roof top battles
In a Bangladeshis life there is seemingly no end to festivals. Be it for religious or family reasons, there seems to be a new festival every month. The major occasions are celebrated in a big way but in between you will find lurking some ancient rituals. One such occasion was celebrated a few days ago. It was the end of poush.
The Bangla month of poush is brought to an end by some people through the act of puja. Others on the other hand celebrate it by spending the entire day flying kites. This is especially celebrated in Old Dhaka where almost every single household brings out their choice of flying contraptions. This celebration takes place from dawn to dusk. The rivalries between different households bring out colourful stories. All this is complemented by the famous mouthwatering menus of Old Dhaka accompanied by loud music. This celebration used to take place for decades although in present times there is a telltale sign of something missing. It seems that the glitter exists only on the surface.
Stringing it out
The kite flying function was something that held no age barriers. Men as old as 40-50 years would engage in this activity for the sheer fun of it. Of course, preparations begin several days in advance. The first stage is known as 'maanja' where the string is prepared. The string is coloured and special additives are used to make it strong as well as sharp to battle it out with other kite flyers. You see, the objective in a kite flying contest is to snap the mooring off your competitors kite.
A mixture of barley, flour and grounded glass is used to brush over the string. This requires two people. One person holds the reel and rolls the string while another gently applies the mixture over the surface. This is later kept in the hot sun so that it hardens and strengthens. Sometimes the string ends up sharp enough to cut hands.
Calling Wright brothers
Next comes the part of building the kite itself. These come in many different shapes and sizes and of course in every single colour of the rainbow. The names are quite varied too for example, chokhdaar, kochchop daar, shaap daar, chumki daar, peti daar etc. the kites are recognized by their shape. Shaap daar is just like a snake with a long tail behind it. Chokh daar on the other hand is just like big 'chokh' or eyes.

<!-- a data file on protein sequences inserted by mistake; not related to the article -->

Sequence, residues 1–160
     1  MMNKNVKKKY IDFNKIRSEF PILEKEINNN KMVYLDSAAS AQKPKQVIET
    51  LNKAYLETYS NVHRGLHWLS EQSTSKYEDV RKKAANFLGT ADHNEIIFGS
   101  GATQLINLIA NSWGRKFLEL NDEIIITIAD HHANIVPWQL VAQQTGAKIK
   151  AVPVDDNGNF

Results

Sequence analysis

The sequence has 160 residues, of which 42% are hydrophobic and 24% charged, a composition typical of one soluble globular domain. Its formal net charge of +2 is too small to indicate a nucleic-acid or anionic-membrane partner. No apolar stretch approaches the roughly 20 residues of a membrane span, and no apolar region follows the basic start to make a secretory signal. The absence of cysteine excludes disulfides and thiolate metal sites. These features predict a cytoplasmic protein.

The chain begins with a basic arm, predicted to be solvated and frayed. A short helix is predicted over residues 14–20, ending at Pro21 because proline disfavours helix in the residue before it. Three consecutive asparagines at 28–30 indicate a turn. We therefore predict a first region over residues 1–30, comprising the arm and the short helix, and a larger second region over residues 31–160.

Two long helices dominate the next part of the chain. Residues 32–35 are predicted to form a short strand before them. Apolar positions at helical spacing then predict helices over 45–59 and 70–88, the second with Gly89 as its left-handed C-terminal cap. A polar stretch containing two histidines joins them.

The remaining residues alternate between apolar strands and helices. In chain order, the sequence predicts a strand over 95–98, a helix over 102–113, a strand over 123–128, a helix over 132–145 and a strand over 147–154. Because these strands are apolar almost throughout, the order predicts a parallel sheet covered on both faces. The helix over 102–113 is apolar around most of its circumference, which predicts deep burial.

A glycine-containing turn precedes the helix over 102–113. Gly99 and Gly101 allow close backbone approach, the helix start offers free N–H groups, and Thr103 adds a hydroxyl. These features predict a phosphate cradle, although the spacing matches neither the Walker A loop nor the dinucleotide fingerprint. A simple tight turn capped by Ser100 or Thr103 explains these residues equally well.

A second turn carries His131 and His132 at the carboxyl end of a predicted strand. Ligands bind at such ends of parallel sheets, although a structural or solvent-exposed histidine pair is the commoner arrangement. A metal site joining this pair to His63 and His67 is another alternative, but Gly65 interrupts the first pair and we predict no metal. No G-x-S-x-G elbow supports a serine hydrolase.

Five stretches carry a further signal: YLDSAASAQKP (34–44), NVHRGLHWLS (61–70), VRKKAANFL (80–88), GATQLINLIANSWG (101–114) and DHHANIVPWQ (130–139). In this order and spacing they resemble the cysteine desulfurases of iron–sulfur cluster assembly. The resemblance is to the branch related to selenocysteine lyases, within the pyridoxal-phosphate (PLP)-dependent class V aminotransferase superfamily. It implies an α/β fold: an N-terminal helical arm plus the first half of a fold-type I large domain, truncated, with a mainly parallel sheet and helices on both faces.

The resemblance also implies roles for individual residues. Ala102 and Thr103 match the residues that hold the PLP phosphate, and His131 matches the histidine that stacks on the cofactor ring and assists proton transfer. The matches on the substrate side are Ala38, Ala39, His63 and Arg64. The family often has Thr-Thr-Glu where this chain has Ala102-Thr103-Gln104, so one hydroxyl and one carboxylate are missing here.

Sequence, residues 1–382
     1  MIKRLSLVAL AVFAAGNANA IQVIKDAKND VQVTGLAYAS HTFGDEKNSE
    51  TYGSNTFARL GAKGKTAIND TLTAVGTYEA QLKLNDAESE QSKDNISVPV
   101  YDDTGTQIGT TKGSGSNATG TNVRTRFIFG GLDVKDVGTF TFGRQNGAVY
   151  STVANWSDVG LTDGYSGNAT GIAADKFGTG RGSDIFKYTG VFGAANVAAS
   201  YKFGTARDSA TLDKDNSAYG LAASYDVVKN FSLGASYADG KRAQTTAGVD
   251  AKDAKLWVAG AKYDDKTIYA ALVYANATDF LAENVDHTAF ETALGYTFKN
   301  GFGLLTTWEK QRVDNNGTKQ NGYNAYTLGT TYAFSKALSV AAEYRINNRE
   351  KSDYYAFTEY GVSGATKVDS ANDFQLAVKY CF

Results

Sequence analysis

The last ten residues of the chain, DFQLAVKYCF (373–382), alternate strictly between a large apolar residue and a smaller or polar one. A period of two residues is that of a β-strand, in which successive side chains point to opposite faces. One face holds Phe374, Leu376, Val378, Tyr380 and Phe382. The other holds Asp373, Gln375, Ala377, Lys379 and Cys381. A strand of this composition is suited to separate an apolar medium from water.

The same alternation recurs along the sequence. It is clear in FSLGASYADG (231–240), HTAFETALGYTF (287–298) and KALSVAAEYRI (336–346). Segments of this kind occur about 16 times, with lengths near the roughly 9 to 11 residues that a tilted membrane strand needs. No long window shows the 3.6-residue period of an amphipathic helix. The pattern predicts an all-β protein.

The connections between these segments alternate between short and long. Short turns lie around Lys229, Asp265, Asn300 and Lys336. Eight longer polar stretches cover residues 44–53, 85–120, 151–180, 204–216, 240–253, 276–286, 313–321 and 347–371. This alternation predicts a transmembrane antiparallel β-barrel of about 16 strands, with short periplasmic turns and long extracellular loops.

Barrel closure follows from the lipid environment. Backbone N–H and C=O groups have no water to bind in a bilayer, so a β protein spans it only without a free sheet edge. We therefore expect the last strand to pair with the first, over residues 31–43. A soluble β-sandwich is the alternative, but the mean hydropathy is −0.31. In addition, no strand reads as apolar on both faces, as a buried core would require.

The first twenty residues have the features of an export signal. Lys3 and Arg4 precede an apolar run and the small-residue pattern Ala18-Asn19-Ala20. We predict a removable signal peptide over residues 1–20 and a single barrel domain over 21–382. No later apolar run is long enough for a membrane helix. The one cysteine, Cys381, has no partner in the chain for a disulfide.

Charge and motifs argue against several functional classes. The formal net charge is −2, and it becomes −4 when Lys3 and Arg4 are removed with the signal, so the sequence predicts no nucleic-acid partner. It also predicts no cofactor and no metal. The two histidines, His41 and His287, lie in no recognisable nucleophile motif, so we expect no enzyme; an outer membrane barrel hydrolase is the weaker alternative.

The battle weapon
The roller upon which the string is wrapped is called lathai and it is made of bamboo. In many families the lathai is something akin to a family heirloom where old lathais are brought out during each festival. Similarly when the show is over the lathai is carefully stored to be used next year. It's as if the lathai is being stored as a weapon to be used in battle the coming year.
And a battle it is as all this preparation lead to the day of reckoning. It's a chaotic situation as kites fight overhead and blaring music plays below. It's a chaotic but lively scene. Microphones are used to announce the wins and losses of battle. When a kite is lost due to a snapped string everyone shouts 'bho-katta'. Of course a battle cannot continue long without nourishment and for this feasts are prepared right up there on the rooftops. In some cases the young boys collect money through donations and buy their food. Of course the battle takes a very literal turn at times between households or even neighbourhoods. Altercations erupt at times when a kite is lost.
Blaze of glory
The best part is at sundown when the kites are laid to rest. The lathais or rollers are used to create huge bonfires. The firework is kept alive by the act of some brave (and maybe crazy) firebrands who take a mouthful of flammable liquid and spit it out at the fire. It's a recipe for disaster if inexperienced participants join in.
This celebration has gradually grown into a major festival that everyone looks forward to each year. But somewhere along the way a bit of the intimacy has been lost and it has become another one of those heavily participated although lifeless occasions.
By Sultana Yasmin
Translated by Ehsanur Raza Ronny
Photo: Munem Wasif